It is 17x13x2cm and weights 412grams. The screen is 11x6cm while the layout appears portrait as soon as you switch on its landscape. There are four buttons on the face as well as the ubiquitous five position joystick.
The right side has a stylus tethered on a 30cm piece of cord which may keep it with the unit for a few days, maybe.
The top has a 3.5mm jack for earphones, a cartridge slot (for some extra items not included) and a mini USB port. It is powered by 4x‘AA’ batteries not supplied. It has two cameras the rear facing one is a higher quality.
As always I test toys and games with the help of parents who have children of the age range suggested. This claims 3-9 years. Pre School loved it, after about 7 little to no interest. So really it is a pre school tool and here it scored well.
You can create your profile from Early Pre School up to 6th. For the pre reading era a picture is a good learning tool. There are lots of apps available beyond what is on the unit. A free app is available for first connection. Your parent or guardian does this for you by connecting your LeapPad to the Internet through their computer.
The same app set for a different age worked differently which should allow the child to develop while they learn.
I counted twenty items provided with my LeapPad 2. A lot of the interaction is done by using the attached stylus and while most is menu driven telling you where to tap the screen a child often does their own thing and sometimes a pleasant surprise happens with things going off in a totally new direction from the planned one.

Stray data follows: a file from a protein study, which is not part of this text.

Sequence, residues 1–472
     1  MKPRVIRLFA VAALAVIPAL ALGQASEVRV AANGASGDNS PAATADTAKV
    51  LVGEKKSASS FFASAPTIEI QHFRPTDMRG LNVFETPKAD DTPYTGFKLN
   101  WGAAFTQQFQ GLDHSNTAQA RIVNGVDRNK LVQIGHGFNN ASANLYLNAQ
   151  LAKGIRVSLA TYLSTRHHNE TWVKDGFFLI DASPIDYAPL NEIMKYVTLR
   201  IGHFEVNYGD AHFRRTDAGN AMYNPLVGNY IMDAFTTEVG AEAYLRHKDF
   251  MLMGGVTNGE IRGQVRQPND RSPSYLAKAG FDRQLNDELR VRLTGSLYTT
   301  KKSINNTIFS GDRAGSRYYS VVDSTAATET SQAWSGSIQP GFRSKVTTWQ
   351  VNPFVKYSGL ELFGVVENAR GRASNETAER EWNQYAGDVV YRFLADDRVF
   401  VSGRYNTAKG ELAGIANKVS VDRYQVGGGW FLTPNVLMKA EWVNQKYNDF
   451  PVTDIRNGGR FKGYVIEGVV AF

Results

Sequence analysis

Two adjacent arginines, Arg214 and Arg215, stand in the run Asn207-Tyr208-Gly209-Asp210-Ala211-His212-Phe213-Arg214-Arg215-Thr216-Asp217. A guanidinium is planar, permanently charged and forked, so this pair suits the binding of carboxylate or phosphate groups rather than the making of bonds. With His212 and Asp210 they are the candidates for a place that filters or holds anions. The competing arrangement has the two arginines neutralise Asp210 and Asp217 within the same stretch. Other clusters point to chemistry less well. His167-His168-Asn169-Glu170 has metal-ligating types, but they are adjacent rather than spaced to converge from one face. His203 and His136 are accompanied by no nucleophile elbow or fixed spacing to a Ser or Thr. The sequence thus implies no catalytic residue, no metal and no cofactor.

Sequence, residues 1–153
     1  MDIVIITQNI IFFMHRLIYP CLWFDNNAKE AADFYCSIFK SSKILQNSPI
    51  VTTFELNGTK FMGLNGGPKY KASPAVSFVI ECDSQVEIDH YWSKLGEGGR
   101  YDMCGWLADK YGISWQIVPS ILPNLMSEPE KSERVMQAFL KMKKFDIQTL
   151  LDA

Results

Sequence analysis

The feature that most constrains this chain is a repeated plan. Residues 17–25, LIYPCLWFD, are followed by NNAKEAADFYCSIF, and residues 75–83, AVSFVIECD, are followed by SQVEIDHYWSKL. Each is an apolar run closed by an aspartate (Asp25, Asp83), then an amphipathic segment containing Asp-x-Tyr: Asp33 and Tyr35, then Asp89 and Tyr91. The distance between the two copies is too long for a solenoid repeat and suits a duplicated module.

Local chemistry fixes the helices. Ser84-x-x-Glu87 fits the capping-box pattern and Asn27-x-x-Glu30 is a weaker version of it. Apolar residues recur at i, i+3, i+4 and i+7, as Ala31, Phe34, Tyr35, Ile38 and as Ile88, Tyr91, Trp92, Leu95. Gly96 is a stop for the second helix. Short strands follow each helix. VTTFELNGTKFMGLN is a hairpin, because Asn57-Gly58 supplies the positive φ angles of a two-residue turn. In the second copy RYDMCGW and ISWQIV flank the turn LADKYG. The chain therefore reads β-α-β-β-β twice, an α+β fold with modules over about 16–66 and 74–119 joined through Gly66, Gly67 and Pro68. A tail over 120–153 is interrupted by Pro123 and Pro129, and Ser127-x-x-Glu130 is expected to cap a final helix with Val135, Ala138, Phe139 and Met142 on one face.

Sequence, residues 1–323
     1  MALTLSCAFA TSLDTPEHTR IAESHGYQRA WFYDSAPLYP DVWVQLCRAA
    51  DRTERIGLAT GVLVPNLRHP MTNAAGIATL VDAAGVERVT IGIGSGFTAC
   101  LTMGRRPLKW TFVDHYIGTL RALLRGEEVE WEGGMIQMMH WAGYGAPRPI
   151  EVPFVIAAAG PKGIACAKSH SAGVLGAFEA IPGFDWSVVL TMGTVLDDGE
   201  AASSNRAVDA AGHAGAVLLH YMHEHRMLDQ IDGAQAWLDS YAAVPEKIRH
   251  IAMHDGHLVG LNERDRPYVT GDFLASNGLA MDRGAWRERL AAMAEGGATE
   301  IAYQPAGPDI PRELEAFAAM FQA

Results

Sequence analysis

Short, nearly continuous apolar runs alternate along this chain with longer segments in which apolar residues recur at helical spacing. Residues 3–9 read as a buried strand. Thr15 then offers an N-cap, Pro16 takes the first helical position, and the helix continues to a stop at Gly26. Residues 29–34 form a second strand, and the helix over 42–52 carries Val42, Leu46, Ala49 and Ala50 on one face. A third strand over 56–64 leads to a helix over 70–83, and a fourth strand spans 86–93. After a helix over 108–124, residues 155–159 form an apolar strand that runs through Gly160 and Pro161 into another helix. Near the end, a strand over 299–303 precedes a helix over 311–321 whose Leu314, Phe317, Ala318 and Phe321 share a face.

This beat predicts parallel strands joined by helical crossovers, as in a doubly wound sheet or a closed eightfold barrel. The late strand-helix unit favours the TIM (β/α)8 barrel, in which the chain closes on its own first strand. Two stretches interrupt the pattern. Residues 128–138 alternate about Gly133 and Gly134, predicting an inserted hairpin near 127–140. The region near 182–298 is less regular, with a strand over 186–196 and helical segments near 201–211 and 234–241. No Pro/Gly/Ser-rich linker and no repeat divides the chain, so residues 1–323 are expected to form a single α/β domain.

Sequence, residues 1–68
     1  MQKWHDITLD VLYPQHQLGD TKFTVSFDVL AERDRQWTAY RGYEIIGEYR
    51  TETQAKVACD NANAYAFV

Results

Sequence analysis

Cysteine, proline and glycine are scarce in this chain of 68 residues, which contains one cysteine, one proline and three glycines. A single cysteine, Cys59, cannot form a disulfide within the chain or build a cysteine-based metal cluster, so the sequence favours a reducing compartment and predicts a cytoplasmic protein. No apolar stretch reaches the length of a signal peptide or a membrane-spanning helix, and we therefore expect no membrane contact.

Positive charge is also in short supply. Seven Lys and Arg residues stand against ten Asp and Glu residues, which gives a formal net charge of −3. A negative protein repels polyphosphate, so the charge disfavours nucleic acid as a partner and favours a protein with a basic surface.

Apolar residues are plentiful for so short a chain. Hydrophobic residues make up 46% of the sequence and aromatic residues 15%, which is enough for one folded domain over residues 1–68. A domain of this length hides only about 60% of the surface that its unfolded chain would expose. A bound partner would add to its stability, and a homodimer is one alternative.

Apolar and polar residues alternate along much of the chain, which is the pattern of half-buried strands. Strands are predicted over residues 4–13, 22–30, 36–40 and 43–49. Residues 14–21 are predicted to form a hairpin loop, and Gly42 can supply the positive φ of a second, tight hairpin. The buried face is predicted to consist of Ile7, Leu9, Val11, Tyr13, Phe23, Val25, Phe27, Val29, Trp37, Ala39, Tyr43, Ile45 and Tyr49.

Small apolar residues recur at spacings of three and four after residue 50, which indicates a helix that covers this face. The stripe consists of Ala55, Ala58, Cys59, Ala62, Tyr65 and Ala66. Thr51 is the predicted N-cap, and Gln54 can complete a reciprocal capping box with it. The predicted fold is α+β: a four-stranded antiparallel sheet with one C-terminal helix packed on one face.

I assume as my review unit came with batteries installed I was also given extra apps. According to the Quick Start Guide the only ones supplied out of the box are Pet Pad and LeapFrog Learning Songs, at registration Cartoon Creativity and Art Studio are automatically downloaded and you can choose a game, eBook or video as well.
While it does show what is available when extras are supplied I like to be told and not have to find out during the review period, at best I find this misleading and unhelpful as parents will feel they have been misled.
Assuming that the main user will be Pre School it needs to be solid and robust and to stand up to being dropped, this did all those things. The screen was clear and easy to read and while headphones are not supplied most parents will probably prefer to have some as the songs and unit sounds tend to be rather repetitive.
While I have no doubt that twenty years ago a child at the upper end of the age range would still enjoy this certainly the same is not true today, this is partly due to schools using computers at an early age and also due to what they watch on television relying on electrical gadgets and gismos some of which do not even exist in reality.
Doing my searches found the LeapPad 2 at £85.18 with free delivery from the first link below.
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